Haddock, a staple Atlantic fish, is in decline off New England, regulators report
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Haddock, a staple Atlantic fish, is in decline off New England, regulators report

Haddock, a staple Atlantic fish, is in decline off New England, regulators report

Haddock is a staple fish species in the New England region, enjoyed by both commercial and recreational fishermen as well as seafood consumers. It is known for its delicate flavor and versatile culinary uses.


The decline in haddock populations can be attributed to several factors, including overfishing, habitat degradation, and changes in oceanic conditions. Over the years, commercial fishing pressure and increased demand for haddock have put a strain on the population, leading to a decrease in its abundance.


Regulators are closely monitoring the situation and have implemented measures to protect and rebuild haddock stocks. These measures include setting catch limits, implementing size restrictions, and enforcing seasonal closures in certain areas. By imposing these regulations, regulators aim to ensure the long-term sustainability of haddock populations and support the overall health of the marine ecosystem.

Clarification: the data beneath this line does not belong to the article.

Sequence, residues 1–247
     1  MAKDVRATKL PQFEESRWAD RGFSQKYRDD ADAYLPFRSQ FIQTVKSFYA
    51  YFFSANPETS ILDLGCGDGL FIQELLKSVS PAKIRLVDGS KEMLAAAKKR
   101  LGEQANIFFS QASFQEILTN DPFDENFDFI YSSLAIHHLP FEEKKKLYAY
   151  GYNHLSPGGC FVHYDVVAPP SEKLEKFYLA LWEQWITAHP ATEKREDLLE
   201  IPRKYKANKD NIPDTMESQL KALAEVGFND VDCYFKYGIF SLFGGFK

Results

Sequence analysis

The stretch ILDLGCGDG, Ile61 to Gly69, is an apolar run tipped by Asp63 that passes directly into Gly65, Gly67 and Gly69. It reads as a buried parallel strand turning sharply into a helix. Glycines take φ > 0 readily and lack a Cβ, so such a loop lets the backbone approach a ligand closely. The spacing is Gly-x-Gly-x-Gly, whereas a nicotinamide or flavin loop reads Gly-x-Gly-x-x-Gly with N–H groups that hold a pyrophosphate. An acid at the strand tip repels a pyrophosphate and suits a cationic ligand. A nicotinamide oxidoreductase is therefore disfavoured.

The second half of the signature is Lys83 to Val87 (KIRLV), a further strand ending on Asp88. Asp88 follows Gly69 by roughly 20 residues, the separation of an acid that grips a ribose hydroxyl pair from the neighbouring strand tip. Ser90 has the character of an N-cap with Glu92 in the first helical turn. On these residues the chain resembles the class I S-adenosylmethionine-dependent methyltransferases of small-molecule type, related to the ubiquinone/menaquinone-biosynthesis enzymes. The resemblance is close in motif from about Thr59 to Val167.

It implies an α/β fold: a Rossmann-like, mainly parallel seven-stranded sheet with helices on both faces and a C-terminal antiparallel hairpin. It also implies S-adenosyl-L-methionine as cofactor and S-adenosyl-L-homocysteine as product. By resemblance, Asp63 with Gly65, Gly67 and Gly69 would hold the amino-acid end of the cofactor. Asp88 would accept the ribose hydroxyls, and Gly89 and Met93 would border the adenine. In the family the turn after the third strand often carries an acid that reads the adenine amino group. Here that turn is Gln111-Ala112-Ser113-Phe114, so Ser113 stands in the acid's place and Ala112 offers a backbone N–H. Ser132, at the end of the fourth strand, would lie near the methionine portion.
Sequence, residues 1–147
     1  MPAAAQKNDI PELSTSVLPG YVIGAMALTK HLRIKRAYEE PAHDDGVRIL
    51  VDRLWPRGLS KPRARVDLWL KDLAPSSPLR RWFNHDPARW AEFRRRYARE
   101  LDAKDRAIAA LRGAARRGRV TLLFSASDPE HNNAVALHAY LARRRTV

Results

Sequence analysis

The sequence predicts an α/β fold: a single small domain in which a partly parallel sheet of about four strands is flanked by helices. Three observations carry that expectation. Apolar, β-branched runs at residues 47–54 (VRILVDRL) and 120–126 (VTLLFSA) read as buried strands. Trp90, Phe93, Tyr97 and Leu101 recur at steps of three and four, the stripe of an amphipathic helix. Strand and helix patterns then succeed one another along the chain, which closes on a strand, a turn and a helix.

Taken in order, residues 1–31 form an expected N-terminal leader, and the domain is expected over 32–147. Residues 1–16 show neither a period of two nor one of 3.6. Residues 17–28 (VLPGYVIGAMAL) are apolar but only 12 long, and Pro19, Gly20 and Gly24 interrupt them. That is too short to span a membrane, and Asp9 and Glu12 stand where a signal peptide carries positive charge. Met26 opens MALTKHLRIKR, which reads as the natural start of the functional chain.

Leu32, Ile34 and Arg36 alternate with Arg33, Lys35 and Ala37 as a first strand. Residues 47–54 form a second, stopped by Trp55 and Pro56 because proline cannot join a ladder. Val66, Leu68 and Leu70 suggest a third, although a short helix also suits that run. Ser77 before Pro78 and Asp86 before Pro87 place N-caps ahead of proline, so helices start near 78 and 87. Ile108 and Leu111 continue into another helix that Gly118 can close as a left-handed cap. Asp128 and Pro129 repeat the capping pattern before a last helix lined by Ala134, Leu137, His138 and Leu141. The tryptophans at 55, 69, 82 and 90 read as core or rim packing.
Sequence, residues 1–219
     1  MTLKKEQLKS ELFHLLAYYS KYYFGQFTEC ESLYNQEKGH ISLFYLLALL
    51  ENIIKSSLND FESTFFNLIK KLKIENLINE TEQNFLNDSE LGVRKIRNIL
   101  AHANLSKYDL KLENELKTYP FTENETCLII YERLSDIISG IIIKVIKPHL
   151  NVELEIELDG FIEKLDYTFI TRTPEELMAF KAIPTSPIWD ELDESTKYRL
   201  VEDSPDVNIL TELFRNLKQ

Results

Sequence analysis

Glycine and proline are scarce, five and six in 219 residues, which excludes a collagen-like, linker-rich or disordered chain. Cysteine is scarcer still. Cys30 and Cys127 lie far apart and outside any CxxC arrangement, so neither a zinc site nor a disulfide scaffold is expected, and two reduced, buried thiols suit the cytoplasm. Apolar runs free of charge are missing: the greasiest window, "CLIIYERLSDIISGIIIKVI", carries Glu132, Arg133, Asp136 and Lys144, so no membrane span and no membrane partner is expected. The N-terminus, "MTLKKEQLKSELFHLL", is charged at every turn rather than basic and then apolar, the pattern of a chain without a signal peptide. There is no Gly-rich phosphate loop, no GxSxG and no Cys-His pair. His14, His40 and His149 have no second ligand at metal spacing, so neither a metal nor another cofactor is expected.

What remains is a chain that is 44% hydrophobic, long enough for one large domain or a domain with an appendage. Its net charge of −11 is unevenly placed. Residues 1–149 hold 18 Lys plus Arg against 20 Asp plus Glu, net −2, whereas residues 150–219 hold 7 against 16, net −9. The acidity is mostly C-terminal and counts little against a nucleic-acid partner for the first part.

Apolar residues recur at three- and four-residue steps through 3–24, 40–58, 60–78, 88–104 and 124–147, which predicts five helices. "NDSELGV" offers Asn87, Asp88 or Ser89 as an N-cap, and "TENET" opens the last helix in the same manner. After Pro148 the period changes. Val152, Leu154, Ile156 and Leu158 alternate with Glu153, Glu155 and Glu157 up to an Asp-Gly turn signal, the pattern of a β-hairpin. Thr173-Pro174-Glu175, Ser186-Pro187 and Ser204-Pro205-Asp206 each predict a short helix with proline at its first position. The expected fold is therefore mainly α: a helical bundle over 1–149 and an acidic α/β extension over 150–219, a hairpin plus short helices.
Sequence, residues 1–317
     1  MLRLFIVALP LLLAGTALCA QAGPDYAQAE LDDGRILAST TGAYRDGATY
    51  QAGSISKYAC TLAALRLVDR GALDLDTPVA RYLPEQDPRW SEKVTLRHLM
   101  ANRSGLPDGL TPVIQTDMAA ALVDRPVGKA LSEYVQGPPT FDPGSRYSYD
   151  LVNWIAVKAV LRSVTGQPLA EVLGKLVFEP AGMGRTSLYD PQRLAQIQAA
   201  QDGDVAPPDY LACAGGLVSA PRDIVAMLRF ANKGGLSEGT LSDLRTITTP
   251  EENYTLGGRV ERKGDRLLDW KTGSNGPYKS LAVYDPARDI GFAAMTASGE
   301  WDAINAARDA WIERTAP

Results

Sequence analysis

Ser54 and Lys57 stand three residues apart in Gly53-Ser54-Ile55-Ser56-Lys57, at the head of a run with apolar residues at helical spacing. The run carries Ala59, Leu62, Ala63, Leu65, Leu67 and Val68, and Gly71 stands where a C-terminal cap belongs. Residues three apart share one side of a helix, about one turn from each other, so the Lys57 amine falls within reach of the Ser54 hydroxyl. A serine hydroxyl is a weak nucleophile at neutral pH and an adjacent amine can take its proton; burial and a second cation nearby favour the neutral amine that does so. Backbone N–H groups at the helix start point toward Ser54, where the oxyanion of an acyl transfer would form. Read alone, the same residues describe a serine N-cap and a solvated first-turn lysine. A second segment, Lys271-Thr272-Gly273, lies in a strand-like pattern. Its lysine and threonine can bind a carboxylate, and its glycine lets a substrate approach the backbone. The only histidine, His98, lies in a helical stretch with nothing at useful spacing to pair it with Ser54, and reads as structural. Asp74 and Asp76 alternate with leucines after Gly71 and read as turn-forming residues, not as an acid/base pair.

The fishery management council mandated the 84% reduction in catch quotas for the current fishing year, which started May 1. The change applies to fishers who harvest haddock from the Gulf of Maine, a body of water off Massachusetts, New Hampshire, and Maine. Fishers also harvest from Georges Bank, a fishing ground to the east where quotas were also reduced for this year, including adjoining areas overseen by Canadian officials who issued their own major cuts.


Americans are still likely to find haddock available despite the cuts because most of it is imported, according to federal data from 2021. Some countries that export haddock are also cutting quotas this year. But recent announcements of cuts by major exporters like Norway have been much lower than in the Gulf of Maine, and they represent a much larger share of global fish stocks.


Declining fish stocks threaten economies, food security, and cultures around the world. The United Nations Food and Agriculture Organization says more than a third of global fish stocks are overfished, and the rate of unsustainable fishing is rising. However, seafood species’ health varies significantly from region to region. Some, such as American lobster, have grown in catch volume in recent decades.